We’ve contracted for facia repair to the farmhouse because the flickers are destroying the window facings and other exposed wood. The workers came in from Lewiston yesterday, only to discover that the manlift wouldn’t open. After phone calls to the rental place failed to provide answers, the workers left to take it back to Lewiston for repairs, some 55 miles away. The workers seemed cheerful; the job estimator was not. The problem proved to be a sensor in one of the legs -- a 5-minute repair, they said.
The farmhouse was built in 1917, and sometimes we wonder what they were thinking to make the roof so steep. How did they think we would deal with repairs in the next century? Maybe they wanted a steep roof for snow control. Maybe they weren’t building with a lot of consideration for the future.
As we get older, working at heights is more problematic, and I was relieved when Mike suggested a long-term, if not permanent, fix – metal wraps.
The workers said they would be back bright and early this morning. “What does that mean?” I asked Mike. He guessed 9:00, and he was about right. By that time I had dealt with my email, written a blog post, eaten my breakfast, read my study literature, ridden 6.5 miles on my bicycle, and assisted Mike in spraying pond algae. We country folk know what bright and early means.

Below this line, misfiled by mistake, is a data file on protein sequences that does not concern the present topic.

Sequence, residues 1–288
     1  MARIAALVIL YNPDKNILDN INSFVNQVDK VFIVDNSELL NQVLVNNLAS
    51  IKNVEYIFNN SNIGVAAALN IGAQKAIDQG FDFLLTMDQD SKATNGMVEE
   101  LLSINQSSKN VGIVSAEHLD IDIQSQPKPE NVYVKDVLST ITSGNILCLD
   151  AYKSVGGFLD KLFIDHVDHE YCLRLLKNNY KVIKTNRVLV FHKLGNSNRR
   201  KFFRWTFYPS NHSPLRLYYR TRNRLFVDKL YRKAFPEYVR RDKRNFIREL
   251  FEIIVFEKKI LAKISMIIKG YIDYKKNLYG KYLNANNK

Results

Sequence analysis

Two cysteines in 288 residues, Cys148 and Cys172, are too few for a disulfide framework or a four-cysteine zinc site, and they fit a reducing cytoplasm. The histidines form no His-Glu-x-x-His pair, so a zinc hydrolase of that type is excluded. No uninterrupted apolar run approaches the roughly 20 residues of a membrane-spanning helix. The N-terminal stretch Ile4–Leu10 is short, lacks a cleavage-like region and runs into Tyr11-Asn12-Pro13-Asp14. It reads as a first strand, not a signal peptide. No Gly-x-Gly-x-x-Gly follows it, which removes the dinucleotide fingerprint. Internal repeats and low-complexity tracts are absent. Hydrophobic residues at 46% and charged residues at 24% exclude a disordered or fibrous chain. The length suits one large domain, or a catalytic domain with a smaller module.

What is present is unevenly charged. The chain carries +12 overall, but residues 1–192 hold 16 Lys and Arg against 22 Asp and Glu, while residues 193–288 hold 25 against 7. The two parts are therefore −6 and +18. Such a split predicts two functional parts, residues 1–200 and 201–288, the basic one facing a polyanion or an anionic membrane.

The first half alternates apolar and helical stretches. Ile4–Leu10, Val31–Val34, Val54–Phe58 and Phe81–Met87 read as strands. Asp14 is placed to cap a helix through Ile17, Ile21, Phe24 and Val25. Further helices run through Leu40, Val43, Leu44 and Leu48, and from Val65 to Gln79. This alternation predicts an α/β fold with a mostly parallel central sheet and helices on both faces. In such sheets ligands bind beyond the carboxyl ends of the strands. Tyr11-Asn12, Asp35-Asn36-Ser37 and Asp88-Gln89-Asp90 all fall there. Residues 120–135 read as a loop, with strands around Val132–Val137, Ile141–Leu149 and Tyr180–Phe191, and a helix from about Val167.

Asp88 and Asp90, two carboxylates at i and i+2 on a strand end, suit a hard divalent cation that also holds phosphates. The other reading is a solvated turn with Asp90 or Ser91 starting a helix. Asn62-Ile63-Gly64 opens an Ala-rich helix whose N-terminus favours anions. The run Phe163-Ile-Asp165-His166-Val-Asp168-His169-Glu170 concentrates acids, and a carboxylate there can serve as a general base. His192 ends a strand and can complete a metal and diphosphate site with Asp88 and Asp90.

A PICTORIAL YARD TOUR:
The pruned wild rose bramble bush has bloomed in profusion -- and also grown again like the monster that it is. Hallie and Nick did it a world of good, but it will have to be done again -- done again -- done again -- like housework.
The old pear tree has set on some fruit, but due to the cold May, it did not bloom in profusion. Some years we pick fruit, some years we don't. But thanks to the pruning, it looks healthy.
And the Montmorency sour cherry tree planted last year has set on cherries that seem very small. Will they develop? Some leaves seem to have a shiny residue on them. And I picked off and tossed away some poor fruit and some wormy leaves. KW